Improved Michigan Automated Prescription System Now Operational
In what has been identified as a new tool in the fight against opioid abuse and controlled substance diversion, the Department of Licensing and Regulatory Affairs (LARA) announced Tuesday, April 11, 2017, that improvements to the Michigan Automated Prescription System (MAPS), Michigan’s electronic monitoring system that tracks Schedule 2-5 controlled substances dispensing, were completed with its new functionality operational. As such, pharmacies and practitioners are now able to quickly (hopefully) review and assess a patient’s prescription history before writing or dispensing a controlled substance prescription. According to LARA, a pharmacist or prescriber can now electronically search for a patient’s controlled substance history in just a few seconds, with real-time data; under the former system it took several minutes to run a report and was based on data uploaded, at best, once every 24 hours.
The new MAPS is designed to help physicians better determine whether a patient is “doctor or pharmacy shopping” for controlled substances, and will aid pharmacists in identifying “red flags” when filling a controlled substance prescription. “Replacing the outdated MAPS [was] central in our fight against the opioid epidemic that has been so tragic for Michigan families. The modern system gives prescribers and dispensers state-of-the-art tools to make more informed decisions, intervene earlier, and spend additional time with patients and customers,” stated Michigan’s Lt. Governor. Brian Calley.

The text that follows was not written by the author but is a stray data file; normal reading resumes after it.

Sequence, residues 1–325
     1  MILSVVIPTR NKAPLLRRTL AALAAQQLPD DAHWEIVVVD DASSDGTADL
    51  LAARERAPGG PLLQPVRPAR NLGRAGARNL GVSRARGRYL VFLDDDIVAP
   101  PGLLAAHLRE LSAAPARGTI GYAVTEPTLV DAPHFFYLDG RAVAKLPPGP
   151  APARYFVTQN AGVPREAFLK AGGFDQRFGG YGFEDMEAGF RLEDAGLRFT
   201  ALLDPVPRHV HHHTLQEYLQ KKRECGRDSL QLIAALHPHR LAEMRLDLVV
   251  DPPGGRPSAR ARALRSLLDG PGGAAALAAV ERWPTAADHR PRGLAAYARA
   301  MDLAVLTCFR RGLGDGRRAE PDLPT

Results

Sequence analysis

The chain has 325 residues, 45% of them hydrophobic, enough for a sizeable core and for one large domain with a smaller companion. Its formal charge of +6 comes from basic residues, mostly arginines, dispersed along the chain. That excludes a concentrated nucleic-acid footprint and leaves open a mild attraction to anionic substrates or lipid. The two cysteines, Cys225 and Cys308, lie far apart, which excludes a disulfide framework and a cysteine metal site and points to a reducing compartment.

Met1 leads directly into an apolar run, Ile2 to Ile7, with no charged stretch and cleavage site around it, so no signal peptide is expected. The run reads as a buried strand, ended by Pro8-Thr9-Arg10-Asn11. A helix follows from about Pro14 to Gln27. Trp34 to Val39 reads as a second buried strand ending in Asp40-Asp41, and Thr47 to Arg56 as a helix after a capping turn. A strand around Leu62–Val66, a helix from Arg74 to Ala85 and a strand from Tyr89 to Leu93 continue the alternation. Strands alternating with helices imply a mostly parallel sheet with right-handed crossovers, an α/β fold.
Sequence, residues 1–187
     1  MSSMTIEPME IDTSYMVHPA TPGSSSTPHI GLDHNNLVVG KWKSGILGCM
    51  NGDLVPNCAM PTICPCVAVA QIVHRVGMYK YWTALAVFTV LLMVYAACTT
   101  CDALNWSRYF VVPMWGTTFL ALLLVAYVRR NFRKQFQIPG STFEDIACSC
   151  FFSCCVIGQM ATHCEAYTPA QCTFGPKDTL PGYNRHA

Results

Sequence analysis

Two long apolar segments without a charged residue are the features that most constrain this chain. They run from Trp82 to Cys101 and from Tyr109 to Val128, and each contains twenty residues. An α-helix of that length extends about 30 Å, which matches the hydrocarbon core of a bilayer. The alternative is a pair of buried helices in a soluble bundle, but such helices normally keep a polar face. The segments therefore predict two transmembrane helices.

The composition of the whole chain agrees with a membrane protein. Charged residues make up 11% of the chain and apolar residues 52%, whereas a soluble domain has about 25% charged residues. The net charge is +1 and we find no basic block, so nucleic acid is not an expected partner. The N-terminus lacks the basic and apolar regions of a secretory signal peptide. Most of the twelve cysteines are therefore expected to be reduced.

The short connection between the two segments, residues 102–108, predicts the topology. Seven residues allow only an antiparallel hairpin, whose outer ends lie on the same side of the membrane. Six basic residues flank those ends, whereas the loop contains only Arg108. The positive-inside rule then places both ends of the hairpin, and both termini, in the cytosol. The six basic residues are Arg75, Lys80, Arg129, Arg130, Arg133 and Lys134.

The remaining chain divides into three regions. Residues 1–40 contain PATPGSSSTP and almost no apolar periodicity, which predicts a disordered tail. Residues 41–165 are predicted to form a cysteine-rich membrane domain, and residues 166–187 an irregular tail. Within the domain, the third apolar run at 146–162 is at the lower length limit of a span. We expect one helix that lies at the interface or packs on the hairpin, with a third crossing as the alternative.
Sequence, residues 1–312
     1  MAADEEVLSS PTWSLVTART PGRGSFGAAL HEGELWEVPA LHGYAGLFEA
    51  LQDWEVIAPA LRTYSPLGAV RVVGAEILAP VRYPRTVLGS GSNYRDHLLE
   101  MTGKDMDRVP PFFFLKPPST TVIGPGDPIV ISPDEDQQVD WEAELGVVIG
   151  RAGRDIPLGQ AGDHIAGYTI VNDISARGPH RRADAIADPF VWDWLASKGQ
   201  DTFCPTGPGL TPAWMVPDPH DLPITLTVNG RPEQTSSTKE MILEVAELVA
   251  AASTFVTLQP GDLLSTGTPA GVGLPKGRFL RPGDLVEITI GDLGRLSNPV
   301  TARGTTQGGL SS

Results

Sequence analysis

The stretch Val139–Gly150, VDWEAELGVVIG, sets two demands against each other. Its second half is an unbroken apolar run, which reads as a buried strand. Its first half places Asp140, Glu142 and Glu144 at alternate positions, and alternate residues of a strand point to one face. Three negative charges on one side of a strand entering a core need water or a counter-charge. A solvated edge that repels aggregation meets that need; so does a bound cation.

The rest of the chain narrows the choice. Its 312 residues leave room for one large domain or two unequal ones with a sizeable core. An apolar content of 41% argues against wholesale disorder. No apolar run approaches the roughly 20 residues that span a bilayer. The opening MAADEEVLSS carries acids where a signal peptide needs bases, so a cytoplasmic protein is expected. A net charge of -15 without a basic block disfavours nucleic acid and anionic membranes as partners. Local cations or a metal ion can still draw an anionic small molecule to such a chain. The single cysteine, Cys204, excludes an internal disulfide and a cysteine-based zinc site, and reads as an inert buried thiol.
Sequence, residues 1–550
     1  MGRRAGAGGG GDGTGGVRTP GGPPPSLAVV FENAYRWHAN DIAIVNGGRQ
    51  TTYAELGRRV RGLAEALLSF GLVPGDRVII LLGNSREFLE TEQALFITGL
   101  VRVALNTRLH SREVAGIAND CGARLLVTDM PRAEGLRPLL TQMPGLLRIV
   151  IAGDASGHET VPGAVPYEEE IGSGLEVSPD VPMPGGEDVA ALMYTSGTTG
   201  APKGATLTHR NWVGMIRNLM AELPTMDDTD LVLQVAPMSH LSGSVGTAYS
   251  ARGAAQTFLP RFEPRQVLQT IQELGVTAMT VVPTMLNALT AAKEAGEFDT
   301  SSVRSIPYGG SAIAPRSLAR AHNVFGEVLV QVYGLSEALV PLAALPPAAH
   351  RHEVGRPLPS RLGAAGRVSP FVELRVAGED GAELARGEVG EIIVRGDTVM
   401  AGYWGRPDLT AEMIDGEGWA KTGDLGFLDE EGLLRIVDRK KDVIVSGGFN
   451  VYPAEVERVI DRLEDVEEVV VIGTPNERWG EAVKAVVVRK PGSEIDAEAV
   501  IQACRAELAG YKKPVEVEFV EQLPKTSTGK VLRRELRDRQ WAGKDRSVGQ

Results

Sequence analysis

In addition to faster, real-time access to a patient’s controlled substance history, providers can view alerts on patients, according to Kim Gaedeke, Director of LARA’s Bureau of Professional Licensing. She explained that these alerts could tell a provider if a patient has a substance abuse problem, whether a treatment was not therapeutic for a patient, or if a particular patient had seen more than six doctors in a 60-day period. While not necessarily indicative of abuse, this information will be invaluable to both pharmacists and prescribers in fighting opioid abuse and controlled substance diversion.
The new MAPS system allows for data sharing between states, which could also aid in preventing opioid abuse and diversion. Details as to how this will occur are sketchy at the present time, but officials are optimistic because the software vendor responsible for the new MAPS system also provides similar software and support for 43 other states.
Please contact Kim J. Sveska or Nicholas Nahorski of Foley, Baron, Metzger & Juip, PLLC at 734-742-1800 for additional information on the new MAPS system, or for assistance with other pharmacy matters.